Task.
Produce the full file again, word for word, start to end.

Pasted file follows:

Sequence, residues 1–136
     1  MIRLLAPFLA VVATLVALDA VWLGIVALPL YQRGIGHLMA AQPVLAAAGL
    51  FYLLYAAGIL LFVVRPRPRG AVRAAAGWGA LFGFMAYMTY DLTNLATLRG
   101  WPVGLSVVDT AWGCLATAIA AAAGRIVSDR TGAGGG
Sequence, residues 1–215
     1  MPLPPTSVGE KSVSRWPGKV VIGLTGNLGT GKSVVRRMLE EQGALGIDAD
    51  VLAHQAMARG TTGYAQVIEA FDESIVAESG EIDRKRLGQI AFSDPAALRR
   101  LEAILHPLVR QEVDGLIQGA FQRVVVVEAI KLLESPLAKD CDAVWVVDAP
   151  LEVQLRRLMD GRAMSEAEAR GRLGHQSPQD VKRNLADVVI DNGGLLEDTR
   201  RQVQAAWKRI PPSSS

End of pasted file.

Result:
Sequence, residues 1–136
     1  MIRLLAPFLA VVATLVALDA VWLGIVALPL YQRGIGHLMA AQPVLAAAGL
    51  FYLLYAAGIL LFVVRPRPRG AVRAAAGWGA LFGFMAYMTY DLTNLATLRG
   101  WPVGLSVVDT AWGCLATAIA AAAGRIVSDR TGAGGG
Sequence, residues 1–215
     1  MPLPPTSVGE KSVSRWPGKV VIGLTGNLGT GKSVVRRMLE EQGALGIDAD
    51  VLAHQAMARG TTGYAQVIEA FDESIVAESG EIDRKRLGQI AFSDPAALRR
   101  LEAILHPLVR QEVDGLIQGA FQRVVVVEAI KLLESPLAKD CDAVWVVDAP
   151  LEVQLRRLMD GRAMSEAEAR GRLGHQSPQD VKRNLADVVI DNGGLLEDTR
   201  RQVQAAWKRI PPSSS